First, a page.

How ironic that your Page 12, Oct. 14 Viewpoint diatribe quoting the New York Times' ``reported problems'' of Landis Plastics at its Solvay, N.Y., facility is on the same page, side by side, with a Perspective headlined ``Lawmakers don't know plastics.'' It is obvious to the rigid plastic container industry — competitors and shared customers alike, who are well-acquainted with Landis Plastics and the highly respected Landis family who has established enviable positions of respect in the plastics industry nationwide — that ``Plastics News does not know Landis.''
Customers, competitors, trade associations and industry professionals retain the highest regard for the Landis family, for its integrity, consideration and concerns for human values, business ethics and the basic problems that plague our industry.
As a weekly source of industry information that has come to be accepted as a well-informed, reliable bellwether of matters affecting our industry, it is regrettable that your publication has used ``reported,'' unauthenticated charges to impute the reputations of not only the Landis organization, but the entire plastics industry, apparently with no independent investigative effort whatsoever or opportunity for a Landis response to the charges.
The Solvay rumors are not the attack on the plastics industry that your article proclaims. It is your acceptance and publication of unsubstantiated ``charges'' that constitute an unacceptable attack on our entire industry, for which you should be the advocate, not the accuser.
More and more your editorial posture seems to be evolving into an antiplastic accuser rather than the pro-industry advocate of the past, the position on which your acceptance as the voice of our industry has been based.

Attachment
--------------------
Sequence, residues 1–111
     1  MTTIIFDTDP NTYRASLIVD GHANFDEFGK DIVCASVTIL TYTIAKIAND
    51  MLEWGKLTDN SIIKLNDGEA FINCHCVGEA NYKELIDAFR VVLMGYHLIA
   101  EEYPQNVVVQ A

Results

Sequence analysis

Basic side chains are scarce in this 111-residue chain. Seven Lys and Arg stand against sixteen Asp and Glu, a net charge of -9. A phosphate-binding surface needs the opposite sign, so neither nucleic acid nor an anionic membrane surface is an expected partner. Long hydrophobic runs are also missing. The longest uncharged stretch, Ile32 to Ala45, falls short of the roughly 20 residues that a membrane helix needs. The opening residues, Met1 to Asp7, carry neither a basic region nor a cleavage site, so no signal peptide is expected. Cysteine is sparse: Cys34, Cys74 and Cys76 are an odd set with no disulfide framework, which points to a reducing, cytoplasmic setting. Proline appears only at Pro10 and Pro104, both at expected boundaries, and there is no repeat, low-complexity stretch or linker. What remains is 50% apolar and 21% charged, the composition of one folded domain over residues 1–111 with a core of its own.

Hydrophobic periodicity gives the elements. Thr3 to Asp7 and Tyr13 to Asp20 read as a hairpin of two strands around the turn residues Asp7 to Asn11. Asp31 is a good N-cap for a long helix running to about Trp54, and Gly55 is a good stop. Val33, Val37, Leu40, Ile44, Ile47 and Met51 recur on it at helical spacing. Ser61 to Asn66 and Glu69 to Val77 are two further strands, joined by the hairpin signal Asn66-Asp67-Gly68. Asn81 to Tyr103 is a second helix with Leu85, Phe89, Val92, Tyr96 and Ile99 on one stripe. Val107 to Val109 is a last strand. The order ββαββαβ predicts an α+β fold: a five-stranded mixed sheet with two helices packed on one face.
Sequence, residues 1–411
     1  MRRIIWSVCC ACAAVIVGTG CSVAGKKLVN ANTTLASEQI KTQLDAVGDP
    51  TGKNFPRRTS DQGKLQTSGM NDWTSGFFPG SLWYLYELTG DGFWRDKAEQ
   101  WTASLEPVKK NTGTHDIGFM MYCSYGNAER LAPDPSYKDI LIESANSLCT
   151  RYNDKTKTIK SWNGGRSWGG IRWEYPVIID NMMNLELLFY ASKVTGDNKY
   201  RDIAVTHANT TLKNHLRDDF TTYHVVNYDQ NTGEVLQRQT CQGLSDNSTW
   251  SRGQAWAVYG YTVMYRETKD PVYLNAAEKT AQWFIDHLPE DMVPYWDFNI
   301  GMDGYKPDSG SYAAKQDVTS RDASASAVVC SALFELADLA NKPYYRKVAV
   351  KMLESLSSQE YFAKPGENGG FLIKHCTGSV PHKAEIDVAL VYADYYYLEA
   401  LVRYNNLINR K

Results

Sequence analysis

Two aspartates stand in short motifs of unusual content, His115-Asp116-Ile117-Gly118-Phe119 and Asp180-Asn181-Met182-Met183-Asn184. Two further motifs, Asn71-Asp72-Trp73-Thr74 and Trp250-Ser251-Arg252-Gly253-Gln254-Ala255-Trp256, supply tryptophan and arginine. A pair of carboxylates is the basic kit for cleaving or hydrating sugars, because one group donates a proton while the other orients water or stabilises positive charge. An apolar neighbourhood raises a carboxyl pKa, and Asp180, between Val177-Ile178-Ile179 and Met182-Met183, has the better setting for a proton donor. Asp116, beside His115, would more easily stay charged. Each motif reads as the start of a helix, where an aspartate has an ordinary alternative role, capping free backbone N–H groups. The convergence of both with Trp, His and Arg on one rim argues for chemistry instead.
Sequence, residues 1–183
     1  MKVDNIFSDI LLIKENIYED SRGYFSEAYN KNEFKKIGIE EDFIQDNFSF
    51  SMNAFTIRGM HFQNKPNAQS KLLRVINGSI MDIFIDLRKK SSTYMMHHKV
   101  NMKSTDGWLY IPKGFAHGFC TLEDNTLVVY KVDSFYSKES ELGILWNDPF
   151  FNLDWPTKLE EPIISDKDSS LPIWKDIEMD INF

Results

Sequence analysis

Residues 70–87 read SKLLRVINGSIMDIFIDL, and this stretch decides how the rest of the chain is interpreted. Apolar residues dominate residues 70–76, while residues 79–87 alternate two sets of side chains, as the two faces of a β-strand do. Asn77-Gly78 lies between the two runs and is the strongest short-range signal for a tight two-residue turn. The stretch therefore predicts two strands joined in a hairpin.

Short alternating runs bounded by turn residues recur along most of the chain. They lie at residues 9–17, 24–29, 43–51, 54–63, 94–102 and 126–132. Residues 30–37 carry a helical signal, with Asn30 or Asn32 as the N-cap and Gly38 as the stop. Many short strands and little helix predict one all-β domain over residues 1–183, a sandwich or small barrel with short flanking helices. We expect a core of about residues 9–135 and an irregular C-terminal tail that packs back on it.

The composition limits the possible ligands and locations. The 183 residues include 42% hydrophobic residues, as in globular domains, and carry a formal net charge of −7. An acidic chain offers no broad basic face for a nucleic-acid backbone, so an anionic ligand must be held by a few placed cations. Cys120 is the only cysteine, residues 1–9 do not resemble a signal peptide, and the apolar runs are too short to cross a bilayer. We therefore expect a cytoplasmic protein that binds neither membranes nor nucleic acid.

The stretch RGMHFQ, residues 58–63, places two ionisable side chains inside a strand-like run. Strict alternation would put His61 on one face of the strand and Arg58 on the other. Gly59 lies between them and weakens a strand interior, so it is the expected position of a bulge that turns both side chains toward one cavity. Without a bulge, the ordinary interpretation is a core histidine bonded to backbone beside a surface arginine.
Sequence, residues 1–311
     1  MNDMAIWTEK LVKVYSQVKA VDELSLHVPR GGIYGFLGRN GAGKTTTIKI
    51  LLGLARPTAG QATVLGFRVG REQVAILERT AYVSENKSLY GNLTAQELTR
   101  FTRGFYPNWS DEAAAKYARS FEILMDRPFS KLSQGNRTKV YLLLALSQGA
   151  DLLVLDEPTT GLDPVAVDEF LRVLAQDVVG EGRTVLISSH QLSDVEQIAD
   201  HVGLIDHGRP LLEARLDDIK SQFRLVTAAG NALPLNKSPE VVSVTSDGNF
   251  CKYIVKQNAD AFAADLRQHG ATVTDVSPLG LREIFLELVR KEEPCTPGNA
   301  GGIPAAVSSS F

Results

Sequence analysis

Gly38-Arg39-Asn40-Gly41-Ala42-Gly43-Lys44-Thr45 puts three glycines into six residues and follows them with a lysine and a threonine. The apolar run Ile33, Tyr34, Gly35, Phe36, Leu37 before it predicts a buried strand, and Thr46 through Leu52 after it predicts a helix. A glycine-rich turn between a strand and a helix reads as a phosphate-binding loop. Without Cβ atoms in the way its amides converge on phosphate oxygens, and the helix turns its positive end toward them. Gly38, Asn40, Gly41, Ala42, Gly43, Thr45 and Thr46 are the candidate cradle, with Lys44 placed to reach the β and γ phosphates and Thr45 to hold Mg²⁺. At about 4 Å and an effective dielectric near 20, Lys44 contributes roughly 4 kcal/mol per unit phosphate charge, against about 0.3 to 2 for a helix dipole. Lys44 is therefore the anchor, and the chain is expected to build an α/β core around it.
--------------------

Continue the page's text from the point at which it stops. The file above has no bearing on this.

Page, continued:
Landis a quality firm
I feel that it is crucial your readers know and understand the type of company that Landis Plastics Inc. is and has been. I worked directly with Landis officials as they located their facility in Richmond, Ind.
I was involved in their site search, construction and operational phases, and at all stages of the project, emphasis was on safety and personnel. I and my economic development team worked with Landis managers to produce a quality training format which would allow for a highly trained work force.
Through their work and dedication to their work force, turnover was virtually nonexistent and productivity was high. This counters the comments in your Oct. 14 editorial, ``The treatment of women and questions about pay, safety and the dignity of individuals in the workplace are [in dispute] — and they are issues the [United Steelworkers] union understands resonate well with the public.''
I can say, without hesitation, that the Landis Plastics I know is not the type of company you make it out to be in your editorial.
I believe it to, indeed, be dedicated to safety and its work force.
James R. Kinnett II